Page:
Declaration of Ownership signed by 16 sultans in Mindanao serves timely ‘ammunition’ on the sovereign claim of the Philippines over the Spratly Islands and support for the Arbitral Tribunal in the South China Sea Arbitration
The descendants of the Bai sa Condor and Anta sa Tebouk, on behalf of the Iranun in the Philippines composed of 16 sultans, formally declares ownership of the Spratly Islands and the Scarborough Shoals as patrimony from their ancestors. The move was spearheaded by Sultan Tomas Reyes Cabili, Jr. as part of the advocacy of the Tomas Ll. Cabili Foundation (TLC Foundation). In this endeavor, the TLC Foundation had teamed up with the PMTC Institute of Iranun Studies and the Southeast Asian Islamic Chamber of Commerce and Industry. At the NMS Convention Center in Marawi City, various datus, sultans, council of elders, genealogists, historians, literati, and academe were assembled to uphold the historical dimensions of the Spratlys Islands and Scarborough Shoals as belonging to the Iranun.
Sultan Cabili, Jr. said in a statement that the movement was made by the Iranuns after having watched from the sidelines for too long the endless debate of the claimant countries of the disputed islands in the South China Sea. “It’s about time that the world knows who had made full use of the Sulawan and the Panakot over the centuries as avenues for trade, relays, raids, and steerage of immigrants and refugees from mainland Southeast Asia to various regions in island Southeast Asia.” Sulawan is the Iranun name for the whole group of Spratly Islands, while Panakot is the Scarborough Shoals.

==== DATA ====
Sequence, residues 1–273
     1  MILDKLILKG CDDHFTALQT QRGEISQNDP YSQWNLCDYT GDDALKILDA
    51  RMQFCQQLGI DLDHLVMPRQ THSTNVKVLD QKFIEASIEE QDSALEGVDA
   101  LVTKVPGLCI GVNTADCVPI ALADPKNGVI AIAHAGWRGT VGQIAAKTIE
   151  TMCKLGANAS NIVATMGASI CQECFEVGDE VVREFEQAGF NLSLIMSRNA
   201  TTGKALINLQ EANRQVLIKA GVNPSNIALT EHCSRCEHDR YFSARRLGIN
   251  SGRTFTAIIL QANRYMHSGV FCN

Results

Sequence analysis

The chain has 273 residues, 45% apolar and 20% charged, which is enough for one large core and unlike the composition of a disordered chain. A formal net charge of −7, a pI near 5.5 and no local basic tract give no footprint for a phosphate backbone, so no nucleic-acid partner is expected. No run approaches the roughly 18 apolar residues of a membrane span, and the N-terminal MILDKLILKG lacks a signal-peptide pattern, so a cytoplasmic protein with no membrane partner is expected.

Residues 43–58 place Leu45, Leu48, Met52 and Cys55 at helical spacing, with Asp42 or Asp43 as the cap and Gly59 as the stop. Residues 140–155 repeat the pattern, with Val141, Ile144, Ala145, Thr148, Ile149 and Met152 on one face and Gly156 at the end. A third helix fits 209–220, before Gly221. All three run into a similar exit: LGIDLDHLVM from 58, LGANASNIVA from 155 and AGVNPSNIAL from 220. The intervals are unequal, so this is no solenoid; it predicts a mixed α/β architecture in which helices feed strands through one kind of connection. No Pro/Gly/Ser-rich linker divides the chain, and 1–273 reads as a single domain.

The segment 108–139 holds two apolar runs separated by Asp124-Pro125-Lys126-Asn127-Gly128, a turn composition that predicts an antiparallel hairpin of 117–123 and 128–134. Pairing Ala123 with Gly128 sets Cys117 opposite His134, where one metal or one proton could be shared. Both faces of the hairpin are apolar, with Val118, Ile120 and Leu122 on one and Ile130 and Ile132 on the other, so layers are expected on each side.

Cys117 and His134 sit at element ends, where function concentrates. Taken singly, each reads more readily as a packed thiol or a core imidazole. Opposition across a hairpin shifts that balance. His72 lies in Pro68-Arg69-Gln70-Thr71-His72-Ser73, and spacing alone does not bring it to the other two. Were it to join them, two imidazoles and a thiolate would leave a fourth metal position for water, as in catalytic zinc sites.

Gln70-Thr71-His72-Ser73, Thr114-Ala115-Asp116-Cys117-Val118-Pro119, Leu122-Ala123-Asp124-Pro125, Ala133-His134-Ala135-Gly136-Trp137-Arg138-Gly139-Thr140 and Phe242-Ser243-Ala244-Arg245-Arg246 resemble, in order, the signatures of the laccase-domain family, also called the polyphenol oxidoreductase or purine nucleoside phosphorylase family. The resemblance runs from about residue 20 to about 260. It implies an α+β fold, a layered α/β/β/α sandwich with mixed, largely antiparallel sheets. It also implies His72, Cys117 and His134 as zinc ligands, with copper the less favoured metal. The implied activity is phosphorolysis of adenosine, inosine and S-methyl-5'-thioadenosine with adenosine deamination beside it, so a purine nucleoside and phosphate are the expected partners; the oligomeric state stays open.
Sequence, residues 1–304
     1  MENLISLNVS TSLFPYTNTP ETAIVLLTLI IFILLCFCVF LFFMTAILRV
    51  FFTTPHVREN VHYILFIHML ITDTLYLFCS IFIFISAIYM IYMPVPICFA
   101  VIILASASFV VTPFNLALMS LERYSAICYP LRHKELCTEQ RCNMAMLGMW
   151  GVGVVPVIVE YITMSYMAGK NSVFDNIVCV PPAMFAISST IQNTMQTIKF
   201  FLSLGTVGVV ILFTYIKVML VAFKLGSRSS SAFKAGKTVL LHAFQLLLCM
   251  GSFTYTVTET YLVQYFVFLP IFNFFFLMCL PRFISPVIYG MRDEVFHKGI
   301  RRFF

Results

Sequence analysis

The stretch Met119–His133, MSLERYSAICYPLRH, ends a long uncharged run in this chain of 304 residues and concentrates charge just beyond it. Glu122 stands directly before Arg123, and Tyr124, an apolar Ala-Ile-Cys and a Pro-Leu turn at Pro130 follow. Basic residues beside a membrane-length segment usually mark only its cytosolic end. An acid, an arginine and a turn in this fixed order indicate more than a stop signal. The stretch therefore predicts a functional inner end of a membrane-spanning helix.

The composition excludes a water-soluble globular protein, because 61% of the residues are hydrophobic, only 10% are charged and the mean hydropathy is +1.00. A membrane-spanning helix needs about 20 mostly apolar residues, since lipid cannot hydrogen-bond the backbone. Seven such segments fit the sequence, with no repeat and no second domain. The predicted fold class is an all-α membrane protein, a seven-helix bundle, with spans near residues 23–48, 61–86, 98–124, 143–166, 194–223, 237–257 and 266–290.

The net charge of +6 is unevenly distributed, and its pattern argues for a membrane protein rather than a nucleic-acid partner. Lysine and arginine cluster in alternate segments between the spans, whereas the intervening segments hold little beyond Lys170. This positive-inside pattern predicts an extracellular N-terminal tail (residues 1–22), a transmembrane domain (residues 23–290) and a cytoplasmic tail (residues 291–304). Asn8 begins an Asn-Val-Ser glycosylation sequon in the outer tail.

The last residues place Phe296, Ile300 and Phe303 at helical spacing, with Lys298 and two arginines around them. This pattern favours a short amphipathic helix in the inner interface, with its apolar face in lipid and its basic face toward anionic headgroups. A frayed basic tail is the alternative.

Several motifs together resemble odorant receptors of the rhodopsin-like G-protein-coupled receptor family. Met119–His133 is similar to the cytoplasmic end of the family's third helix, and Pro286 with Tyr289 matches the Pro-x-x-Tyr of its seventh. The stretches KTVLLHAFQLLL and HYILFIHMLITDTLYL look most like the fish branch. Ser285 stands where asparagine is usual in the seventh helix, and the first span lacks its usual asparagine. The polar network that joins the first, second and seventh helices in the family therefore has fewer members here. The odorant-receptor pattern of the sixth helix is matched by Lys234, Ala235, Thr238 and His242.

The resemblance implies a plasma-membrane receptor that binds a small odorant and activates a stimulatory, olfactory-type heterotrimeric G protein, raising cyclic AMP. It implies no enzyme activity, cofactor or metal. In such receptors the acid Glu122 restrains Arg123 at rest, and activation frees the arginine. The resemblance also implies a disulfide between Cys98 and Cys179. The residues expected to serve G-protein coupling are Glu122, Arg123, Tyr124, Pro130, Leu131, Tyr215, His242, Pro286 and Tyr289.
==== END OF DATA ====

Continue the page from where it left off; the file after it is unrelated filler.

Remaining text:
“TLC Foundation is doing this for our country’s sake as a whole on our claim for what is ours. Not just for our Muslim brothers and the Moro Origins of Mindanao (IRANUN), BUT for all the Filipinos – and the next generations to come. All the Philippines’ descendants of the Iranun are unfurling the historical dimension of the Spratlys and the Scarborough Shoals to strengthen the Philippines’ claim on them and complement the theoretical frameworks already presented in the United Nations.